Lava breaks through the cooling crust to continue the formation of a new tributary. Most shield volcanoes, including Kilauea, erupt low-silicon basalt, which results in a more fluid lava. Photo courtesy of USGS
Lava Splatter

Lava Splatter

Even before the rockfall, the lava lake was bubbling, splattering onto the sides of the lava lake. This photo of lava splatter was taken at Kilauea on April 23.

Great question. Glad you asked. While volcanoes might seem like the ideal natural incinerator for our massive amounts of garbage, there are a few obstacles between us and a magical geological trash chute to the center of the earth.

Americans generate about 4 and a half pounds of trash per person, per day, or 254.1 million tons total per year. In order to dispose of all that trash in a volcano, you’d need to first locate an active volcano, and lug the trash there. That’s the first problem. Not many people live near active volcanoes, so transporting trash to a volcano would cost time, money, and a whole lot of fuel. Then there’s the fact that an even smaller number live near the right kind of active volcano.

That sounds like a volcanically snobby thing to say (oh, we don’t associate with those sorts of geological formations) but it’s the truth. When you picture throwing garbage into a volcano, you’re probably thinking of a nice, friendly cone shaped volcano with a hole at the top. Something like this:

And in the middle of the crater, you’re probably picturing a lovely lava lake that looks like this:

Perfect for throwing trash into, right? But not all volcanoes are cooperative like that. The ideal trash incinerator would be a slow-erupting volcano that gradually spews lava out onto the surface of the earth, like the volcanoes in Hawaii, called shield volcanoes. But the majority of volcanoes on Earth are stratovolcanoes which occasionally have lava flows like Kilauea, but also have the unfortunate tendency to explode when the pressure of hot gas and magma inside the volcano gets to be too much. Long story short, you don’t want to throw trash into an explosive volcano (think Mount St. Helens) when it’s erupting. If you’re close enough to throw trash into the exploding mass of molten rock, ash, and gases, you’re already dead.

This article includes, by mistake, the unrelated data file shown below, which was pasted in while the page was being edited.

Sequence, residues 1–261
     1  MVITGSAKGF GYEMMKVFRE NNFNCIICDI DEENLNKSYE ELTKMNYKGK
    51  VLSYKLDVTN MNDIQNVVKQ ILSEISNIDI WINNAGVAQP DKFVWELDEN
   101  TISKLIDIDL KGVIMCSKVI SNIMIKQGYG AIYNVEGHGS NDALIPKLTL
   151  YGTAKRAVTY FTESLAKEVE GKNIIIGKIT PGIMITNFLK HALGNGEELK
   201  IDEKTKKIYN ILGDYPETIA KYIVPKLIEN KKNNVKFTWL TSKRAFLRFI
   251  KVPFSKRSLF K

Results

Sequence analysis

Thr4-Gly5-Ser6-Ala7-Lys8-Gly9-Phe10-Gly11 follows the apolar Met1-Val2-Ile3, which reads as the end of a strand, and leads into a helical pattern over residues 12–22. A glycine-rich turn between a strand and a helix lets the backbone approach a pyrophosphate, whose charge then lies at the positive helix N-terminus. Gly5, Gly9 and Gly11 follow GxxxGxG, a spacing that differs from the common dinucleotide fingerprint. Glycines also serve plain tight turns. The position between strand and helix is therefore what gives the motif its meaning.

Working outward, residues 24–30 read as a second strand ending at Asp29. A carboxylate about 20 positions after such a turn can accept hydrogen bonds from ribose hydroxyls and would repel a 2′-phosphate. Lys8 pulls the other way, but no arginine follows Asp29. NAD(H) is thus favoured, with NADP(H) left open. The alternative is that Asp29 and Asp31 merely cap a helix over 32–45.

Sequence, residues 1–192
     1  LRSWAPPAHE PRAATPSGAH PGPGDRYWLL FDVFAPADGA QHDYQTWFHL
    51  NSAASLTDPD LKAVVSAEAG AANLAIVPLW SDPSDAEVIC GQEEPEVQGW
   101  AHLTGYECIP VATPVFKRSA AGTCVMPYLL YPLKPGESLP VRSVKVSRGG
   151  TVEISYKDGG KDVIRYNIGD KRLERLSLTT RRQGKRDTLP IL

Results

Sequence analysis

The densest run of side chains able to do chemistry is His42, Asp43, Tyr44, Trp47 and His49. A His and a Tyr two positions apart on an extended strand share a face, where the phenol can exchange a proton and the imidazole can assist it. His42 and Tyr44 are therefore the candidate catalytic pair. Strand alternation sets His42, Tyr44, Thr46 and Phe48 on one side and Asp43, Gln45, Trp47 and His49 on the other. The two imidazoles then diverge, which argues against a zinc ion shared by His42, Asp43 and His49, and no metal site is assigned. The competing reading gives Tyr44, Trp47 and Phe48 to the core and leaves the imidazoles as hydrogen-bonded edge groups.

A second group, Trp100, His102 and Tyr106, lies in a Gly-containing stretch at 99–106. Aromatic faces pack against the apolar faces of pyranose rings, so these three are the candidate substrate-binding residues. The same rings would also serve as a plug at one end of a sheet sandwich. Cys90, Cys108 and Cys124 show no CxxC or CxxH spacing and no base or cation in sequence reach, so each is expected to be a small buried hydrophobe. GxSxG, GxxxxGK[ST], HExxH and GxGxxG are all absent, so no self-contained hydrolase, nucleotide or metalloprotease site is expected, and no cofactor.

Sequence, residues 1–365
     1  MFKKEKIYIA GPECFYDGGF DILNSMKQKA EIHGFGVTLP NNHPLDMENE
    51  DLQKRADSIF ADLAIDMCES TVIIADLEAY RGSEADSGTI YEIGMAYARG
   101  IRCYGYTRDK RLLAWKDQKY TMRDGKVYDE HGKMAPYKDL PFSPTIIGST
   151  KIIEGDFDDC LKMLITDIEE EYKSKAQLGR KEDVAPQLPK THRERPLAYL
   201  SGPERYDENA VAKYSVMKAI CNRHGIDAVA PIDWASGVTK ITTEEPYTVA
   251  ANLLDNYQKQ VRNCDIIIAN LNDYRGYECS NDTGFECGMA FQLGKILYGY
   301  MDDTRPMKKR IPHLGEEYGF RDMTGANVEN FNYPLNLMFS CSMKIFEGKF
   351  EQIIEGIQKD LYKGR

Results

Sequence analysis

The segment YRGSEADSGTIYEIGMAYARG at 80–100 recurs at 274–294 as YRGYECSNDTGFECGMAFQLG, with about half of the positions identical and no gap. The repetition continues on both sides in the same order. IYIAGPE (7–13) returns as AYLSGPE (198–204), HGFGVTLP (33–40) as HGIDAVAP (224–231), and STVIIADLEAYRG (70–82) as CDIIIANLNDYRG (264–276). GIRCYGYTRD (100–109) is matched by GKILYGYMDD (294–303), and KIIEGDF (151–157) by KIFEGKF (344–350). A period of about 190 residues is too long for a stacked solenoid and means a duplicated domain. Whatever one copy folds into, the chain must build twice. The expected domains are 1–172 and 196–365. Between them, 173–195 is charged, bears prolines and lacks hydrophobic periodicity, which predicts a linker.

But say you happen to live in Hawaii, close enough to haul your trash up to the summit of your friendly neighborhood active volcano every day. In addition to worrying about your house getting destroyed by lava, there’s also some danger to you (or a garbage truck) that’s dumping trash into a placid lake of lava. See, in addition to the poisonous gases and lava splatter which are already normal hazards at the summit of a volcano, when cold trash hits a large mass of lava, it can cause some spectacular explosions, as a group of researchers discovered in Ethiopia in 2002.

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Awesome, right? But that was a 66-pound bag of trash, about three and a half days’ worth for a U.S. family of four. Imagine if that was a larger amount. Rockfalls into lava lakes in Hawaii have sent lava 280 feet into the air, splattering fences and scientific webcams with molten rock. That’s a little too much danger associated with taking out the trash.

Not to mention the fact that you’ll be burning a bunch of trash, and any smoke generated will go straight into the atmosphere, creating a lot of air pollution. Today, trash incinerators are governed by a web of regulations that make sure the smoke from burning trash doesn’t get into our air (they try to filter out major pollutants like ozone, carbon monoxide, sulfur dioxide, etc).

So throwing the mass detritus created by human civilization into a volcano isn’t an option. But what about more specialized waste, like medical or nuclear? Things that tend to be really dangerous? Unfortunately, volcanoes aren’t hot enough to melt nuclear fuel or sterilize medical waste. Temperatures of lava range from 1292 to 2282 degrees Fahrenheit, which is hot, but not hot enough.

It is, however, hot enough to devour a can of Chef Boyardee in a spectacular manner. Enjoy:

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